The highly differentiated, serially organised rhythmic constructions on which Stockhausen had based his Gruppen for three orchestras were already to be abandoned in the subsequent spatial works for voices and instruments: Carré for four orchestras and four choirs (1959–60) is an expansive, meditative work in which the durations are notated only as approximate proportions. This emancipation from fixed conceptions of form also continues in the complex, variable ‘moment forms’ of the 1960s – in the formal sections of the cantata Momente (begun in 1962), which may be arranged in various ways and nested one inside the other, or the excessively ‘noise-like’ Mikrophonie I for tam-tam with live electronic manipulation (1963).

In general, however, it may be observed that in the 1960s Stockhausen – above all in his instrumental music – increasingly relaxed the abstract rigour of his earlier work. Schnebel complained that ‘private traits’ and ‘the lure of the monumental’ asserted themselves in Stockhausen’s music from this time onwards, from which he drew an extremely critical conclusion: ‘A sense of high-flown thoughts and of the all-embracing – as well as its correlative, the concentration on the inner world – emerges in Stockhausen’s later work. This reflects a specific ideological consciousness – that of domination.’

But this ideological criticism – coloured as it is by overtones of personal attack – does not suffice to explain why Stockhausen’s music underwent such dramatic changes as early as the 1960s. Why – one has to ask oneself – did Stockhausen return to minutely crafted tape compositions such as Telemusik (1966) and Hymnen (1966–67), only to turn afterwards increasingly to laconic ‘conceptual art’ pieces for his live electronic ensemble? Why did he create scores for extended pieces whose notation was drastically reduced to sparse symbols or verbal texts? Why – it must also be asked – did Stockhausen then turn his back so swiftly on the extreme manifestations of this type of composition, e.g. Aus den sieben Tagen (1968), and return to fixed scores, indeed to traditional notation – particularly remarkably after his 1970 live electronic work for two pianists Mantra?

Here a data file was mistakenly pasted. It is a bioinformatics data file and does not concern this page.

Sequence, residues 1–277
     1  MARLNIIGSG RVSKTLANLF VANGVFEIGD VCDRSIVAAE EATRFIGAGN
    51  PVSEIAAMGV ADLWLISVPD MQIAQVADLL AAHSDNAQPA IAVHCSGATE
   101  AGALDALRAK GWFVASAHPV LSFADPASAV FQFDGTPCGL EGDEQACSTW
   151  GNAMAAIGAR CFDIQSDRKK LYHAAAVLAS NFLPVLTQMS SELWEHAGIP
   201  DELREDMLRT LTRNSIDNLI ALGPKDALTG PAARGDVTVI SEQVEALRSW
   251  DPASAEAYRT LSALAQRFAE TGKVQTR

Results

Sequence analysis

When one examines Stockhausen’s development, one must engage with the fact that positions already attained are subjected to radical questioning before the search for a synthesis of apparently irreconcilable opposites can begin. It would be rash, therefore, to try to categorise Stockhausen’s manifold attempts at compositional synthesis according to similar labels derived from ideological criticism – whether it is a matter of synthesising semantically organised sound and speech materials with electronic sounds, or determined music with music that permits interpretative freedom; instrumental with electronic music, or more abstract music with music of more semantic character; or purely aural music with music synaesthetically integrated. In the 1960s and 1970s it became clear that the search for synthesis in Stockhausen’s music was extending further: a synthesis between ‘tonal’ and ‘non-tonal’ compositional techniques was also being attempted. What was particularly remarkable about these attempts at synthesis was that tone rows, which had remained concealed in the complex stratifications of the earlier works, after Mantra (1970) suddenly made their appearance as readily recognisable, easily singable melodic forms. Stockhausen’s development had led ‘from the row to the melody’, from atonal structures to wholly thematic forms that, once again, possessed a strongly tonal character; from a continuation of Webern’s total serialism to a resurrection of thematic craft in the spirit of mid-period Beethoven or Bach’s polyphony.